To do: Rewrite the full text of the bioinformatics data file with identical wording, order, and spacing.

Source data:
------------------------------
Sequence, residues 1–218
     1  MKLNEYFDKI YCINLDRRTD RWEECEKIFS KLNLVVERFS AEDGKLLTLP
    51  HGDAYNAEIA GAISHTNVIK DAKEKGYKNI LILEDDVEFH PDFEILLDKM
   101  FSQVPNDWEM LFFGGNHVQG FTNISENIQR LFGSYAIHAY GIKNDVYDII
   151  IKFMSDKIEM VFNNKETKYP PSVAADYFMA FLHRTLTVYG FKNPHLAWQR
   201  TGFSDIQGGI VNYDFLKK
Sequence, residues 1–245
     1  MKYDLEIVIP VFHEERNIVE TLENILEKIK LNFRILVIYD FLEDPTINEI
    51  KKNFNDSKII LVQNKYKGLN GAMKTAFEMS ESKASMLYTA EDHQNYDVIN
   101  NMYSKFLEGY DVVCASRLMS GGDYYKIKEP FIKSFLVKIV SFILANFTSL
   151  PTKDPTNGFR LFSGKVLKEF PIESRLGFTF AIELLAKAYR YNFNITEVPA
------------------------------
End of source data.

Sequence, residues 1–218
     1  MKLNEYFDKI YCINLDRRTD RWEECEKIFS KLNLVVERFS AEDGKLLTLP
    51  HGDAYNAEIA GAISHTNVIK DAKEKGYKNI LILEDDVEFH PDFEILLDKM
   101  FSQVPNDWEM LFFGGNHVQG FTNISENIQR LFGSYAIHAY GIKNDVYDII
   151  IKFMSDKIEM VFNNKETKYP PSVAADYFMA FLHRTLTVYG FKNPHLAWQR
   201  TGFSDIQGGI VNYDFLKK
Sequence, residues 1–245
     1  MKYDLEIVIP VFHEERNIVE TLENILEKIK LNFRILVIYD FLEDPTINEI
    51  KKNFNDSKII LVQNKYKGLN GAMKTAFEMS ESKASMLYTA EDHQNYDVIN
   101  NMYSKFLEGY DVVCASRLMS GGDYYKIKEP FIKSFLVKIV SFILANFTSL
   151  PTKDPTNGFR LFSGKVLKEF PIESRLGFTF AIELLAKAYR YNFNITEVPA